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Annie Coker: A pioneer California lawyer

By Nancy McCarthy
Staff Writer

Annie Virginia Stephens Coker
Coker

Google the name “Annie Virginia Stephens Coker” and no results pop up on the computer screen. But Coker was the first black woman lawyer in California, and Alameda County Superior Court Judge Brenda Harbin-Forte thinks it’s time she received her due.

Twenty years ago, Harbin-Forte attended an event focused on women lawyers, sponsored by the historical society for the northern district of California. Following a presentation about Clara Shortridge Foltz, California’s first woman lawyer, Harbin-Forte wondered about the first black woman to pass the bar. “No women of color were mentioned, but I knew there had to be some first women of color, too,” she recalled.

So she undertook a research project that led her to Coker’s unofficial biographer who, in turn, put the judge in touch with Coker’s by-then elderly co-workers. Coker was variously described by those who knew her as a “spoiled brat who was loved by all,” “bright,” “reserved,” “every inch a lady” and someone with class. She liked to travel, loved music, hated to cook (even though her father was a chef) and loved to shop. She once told a friend, Harbin-Forte said, “If God ever told me, ‘Virginia, you have one more day to live,’ I’d like to do it shopping.”

Born in Oakland on April 7, 1903, Annie Virginia Stephens was an only child. She attended public schools in Oakland until the family moved to Pacific Grove, where she graduated from high school. She received a bachelor of sciences from the University of California at Berkeley, and encouraged by her father, entered Boalt Hall, where she was one of 47 students and one of just two women students. She received an LL.B. in 1929 and won admission to the California bar the same year, when, according to one researcher, she “fulfilled a lifelong dream of becoming a lawyer.”

At some point she married, but Harbin-Forte said she has no information about Coker’s husband or whether the couple had children. And none of her co-workers “spoke of her struggles,” Harbin-Forte said. Coker moved to Alexandria, Va., where she maintained a private practice before returning to California in 1939, when she joined the State Office of Legislative Counsel in Sacramento.

“I would imagine it would have been very difficult for a black woman to get hired by any established law firms,” said Harbin-Forte. “Caucasian women ‘firsts’ were not being hired so I’m certain government service was likely the only door open to her.”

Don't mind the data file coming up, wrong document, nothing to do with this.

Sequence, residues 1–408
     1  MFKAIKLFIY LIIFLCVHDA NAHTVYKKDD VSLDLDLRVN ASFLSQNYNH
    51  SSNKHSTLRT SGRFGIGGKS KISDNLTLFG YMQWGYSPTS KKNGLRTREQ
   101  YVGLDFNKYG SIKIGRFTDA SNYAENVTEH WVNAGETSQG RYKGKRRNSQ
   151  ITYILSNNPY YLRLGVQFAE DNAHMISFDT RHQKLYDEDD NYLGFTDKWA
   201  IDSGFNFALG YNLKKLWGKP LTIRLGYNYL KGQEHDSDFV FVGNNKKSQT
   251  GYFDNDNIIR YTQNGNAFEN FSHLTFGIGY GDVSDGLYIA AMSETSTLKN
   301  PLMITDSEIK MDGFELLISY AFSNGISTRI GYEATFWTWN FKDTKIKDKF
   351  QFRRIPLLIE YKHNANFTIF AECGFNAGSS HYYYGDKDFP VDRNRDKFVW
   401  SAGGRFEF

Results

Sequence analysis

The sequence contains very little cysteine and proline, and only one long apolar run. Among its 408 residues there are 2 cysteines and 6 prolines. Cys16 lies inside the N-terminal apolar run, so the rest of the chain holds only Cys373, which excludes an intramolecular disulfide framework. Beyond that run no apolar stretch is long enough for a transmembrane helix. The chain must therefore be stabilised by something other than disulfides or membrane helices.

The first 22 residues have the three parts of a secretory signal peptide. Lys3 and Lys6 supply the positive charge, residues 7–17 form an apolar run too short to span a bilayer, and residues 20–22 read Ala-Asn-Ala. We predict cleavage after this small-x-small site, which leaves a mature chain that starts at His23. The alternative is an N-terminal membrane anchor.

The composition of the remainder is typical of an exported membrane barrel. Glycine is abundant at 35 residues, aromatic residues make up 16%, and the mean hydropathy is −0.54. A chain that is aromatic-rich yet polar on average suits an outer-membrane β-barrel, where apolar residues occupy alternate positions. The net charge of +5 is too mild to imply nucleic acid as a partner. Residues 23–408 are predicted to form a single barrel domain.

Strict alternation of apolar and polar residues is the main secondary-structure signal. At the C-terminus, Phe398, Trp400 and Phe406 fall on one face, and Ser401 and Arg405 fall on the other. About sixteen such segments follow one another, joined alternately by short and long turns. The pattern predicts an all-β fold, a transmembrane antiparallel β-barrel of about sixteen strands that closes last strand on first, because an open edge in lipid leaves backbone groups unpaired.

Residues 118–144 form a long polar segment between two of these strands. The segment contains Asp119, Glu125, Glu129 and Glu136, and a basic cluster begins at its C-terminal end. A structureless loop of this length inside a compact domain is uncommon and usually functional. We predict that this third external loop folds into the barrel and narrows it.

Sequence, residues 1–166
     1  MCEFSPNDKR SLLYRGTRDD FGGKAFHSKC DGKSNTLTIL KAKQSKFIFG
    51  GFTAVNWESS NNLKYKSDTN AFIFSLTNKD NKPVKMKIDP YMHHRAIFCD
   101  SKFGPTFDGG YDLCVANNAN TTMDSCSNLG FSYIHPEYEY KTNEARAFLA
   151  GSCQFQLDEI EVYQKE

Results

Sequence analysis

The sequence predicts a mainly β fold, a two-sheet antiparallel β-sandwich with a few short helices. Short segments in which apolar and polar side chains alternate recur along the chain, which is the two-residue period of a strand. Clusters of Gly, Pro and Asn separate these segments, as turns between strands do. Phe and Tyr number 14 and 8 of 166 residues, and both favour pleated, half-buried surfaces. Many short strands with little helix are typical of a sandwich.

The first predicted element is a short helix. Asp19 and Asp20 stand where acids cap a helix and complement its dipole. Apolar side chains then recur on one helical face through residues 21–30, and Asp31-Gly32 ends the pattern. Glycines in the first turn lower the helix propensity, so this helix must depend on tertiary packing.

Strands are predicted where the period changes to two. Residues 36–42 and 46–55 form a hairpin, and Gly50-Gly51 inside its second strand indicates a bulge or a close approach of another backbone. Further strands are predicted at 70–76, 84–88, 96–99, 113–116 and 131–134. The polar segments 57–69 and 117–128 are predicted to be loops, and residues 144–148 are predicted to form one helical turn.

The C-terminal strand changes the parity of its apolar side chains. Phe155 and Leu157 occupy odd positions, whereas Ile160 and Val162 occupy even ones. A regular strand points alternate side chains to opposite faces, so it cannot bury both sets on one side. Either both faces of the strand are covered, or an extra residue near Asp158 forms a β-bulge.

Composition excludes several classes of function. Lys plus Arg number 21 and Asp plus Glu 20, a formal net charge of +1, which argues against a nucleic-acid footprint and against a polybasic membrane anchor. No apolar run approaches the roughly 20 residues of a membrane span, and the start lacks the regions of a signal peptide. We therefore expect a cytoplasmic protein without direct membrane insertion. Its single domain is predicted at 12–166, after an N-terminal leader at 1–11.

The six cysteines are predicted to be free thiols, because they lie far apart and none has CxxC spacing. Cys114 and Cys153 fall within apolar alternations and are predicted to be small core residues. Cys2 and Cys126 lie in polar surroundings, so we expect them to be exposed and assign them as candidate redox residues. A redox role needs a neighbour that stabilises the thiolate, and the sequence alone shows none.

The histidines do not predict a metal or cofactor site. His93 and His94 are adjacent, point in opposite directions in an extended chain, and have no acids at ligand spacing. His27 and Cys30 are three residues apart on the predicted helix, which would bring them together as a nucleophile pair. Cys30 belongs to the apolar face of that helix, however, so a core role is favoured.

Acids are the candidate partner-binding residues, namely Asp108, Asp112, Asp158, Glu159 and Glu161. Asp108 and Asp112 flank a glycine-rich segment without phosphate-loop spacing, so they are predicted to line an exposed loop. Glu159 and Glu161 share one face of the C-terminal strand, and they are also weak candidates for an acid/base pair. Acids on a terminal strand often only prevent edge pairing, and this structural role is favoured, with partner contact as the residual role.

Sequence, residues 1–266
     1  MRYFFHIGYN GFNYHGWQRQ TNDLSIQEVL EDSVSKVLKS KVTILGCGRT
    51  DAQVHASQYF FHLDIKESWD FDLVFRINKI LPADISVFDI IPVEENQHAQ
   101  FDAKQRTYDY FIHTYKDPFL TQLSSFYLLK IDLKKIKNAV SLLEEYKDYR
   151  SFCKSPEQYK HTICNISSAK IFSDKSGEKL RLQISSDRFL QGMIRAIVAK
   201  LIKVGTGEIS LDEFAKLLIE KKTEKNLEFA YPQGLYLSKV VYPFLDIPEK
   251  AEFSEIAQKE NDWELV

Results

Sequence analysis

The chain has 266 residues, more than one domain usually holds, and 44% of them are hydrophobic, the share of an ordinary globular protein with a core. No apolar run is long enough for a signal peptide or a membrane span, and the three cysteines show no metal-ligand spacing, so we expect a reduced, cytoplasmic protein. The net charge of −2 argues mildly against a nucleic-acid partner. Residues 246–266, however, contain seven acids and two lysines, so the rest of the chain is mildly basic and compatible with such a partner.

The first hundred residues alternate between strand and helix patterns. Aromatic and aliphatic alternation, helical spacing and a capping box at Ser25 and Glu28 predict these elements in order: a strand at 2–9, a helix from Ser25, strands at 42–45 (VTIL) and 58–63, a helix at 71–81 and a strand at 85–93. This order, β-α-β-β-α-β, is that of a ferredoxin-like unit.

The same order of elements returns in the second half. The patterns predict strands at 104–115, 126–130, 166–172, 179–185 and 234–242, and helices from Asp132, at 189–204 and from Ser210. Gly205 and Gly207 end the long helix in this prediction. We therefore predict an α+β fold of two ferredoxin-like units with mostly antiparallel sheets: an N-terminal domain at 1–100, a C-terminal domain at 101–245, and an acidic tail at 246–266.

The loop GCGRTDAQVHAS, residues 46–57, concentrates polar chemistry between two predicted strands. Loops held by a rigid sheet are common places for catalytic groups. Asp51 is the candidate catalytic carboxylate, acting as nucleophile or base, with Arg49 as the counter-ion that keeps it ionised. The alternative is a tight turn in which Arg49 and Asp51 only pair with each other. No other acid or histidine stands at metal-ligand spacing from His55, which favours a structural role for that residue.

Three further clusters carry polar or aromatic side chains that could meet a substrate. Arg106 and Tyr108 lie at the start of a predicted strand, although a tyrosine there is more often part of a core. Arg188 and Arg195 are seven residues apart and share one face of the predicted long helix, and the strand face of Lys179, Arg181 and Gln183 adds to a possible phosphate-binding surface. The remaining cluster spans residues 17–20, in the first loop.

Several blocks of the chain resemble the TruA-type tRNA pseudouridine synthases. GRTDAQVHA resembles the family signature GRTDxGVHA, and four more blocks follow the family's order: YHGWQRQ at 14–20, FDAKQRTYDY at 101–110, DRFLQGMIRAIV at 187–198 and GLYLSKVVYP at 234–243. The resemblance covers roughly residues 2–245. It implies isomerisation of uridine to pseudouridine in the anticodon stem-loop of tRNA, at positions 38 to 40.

When Coker started as a junior deputy legislative counsel, California had about 12 state codes. She eventually worked her way up to head of the Indexing Section, where she was responsible for compiling all of the state codes, keeping them current, indexing all bills pending before the legislature and providing legal opinions.

A legal indexer who worked for Coker from 1959 until her retirement in 1966 described her as “a good supervisor, a good friend, someone you could take personal problems to.” Others said Coker was conscientious and worked tirelessly, often until late at night. She admitted to a co-worker that she was not confident she could pass the bar exam because she’d been told she was “too brief” in her writing style. Her brevity served as a virtue, the co-worker said, for she had “the uncanny faculty for stating things in one sentence, stripping away unnecessary verbiage and getting straight to the point.”

After 27 years with the legislative counsel, Coker retired in 1966, ending a distinguished career as the attorney with the most longevity at the agency. She resided in a convalescent hospital in Sacramento before her death in 1986, two months shy of her 83rd birthday.

Harbin-Forte, who also grew up in Oakland, graduated from Cal and received her law degree from Boalt, has been widely honored by numerous minority bar associations and was herself a “first black woman lawyer” in California — the first to serve as dean of the California Judicial College. A judge since 1992, she said there has been no formal acknowledgement of Coker’s importance to minority women lawyers and, in fact, she was excluded from a recent comprehensive database of important women lawyers in the state.

“I’m absolutely inspired by her,” said Harbin-Forte. “For her to have come up at the time she did, and to be admitted at a time when the level of discrimination and the lack of opportunities for African-Americans, particularly in the legal profession, was high is amazing to me.

“She’s been such an inspiration. My heart sang when I was able to learn about her.”

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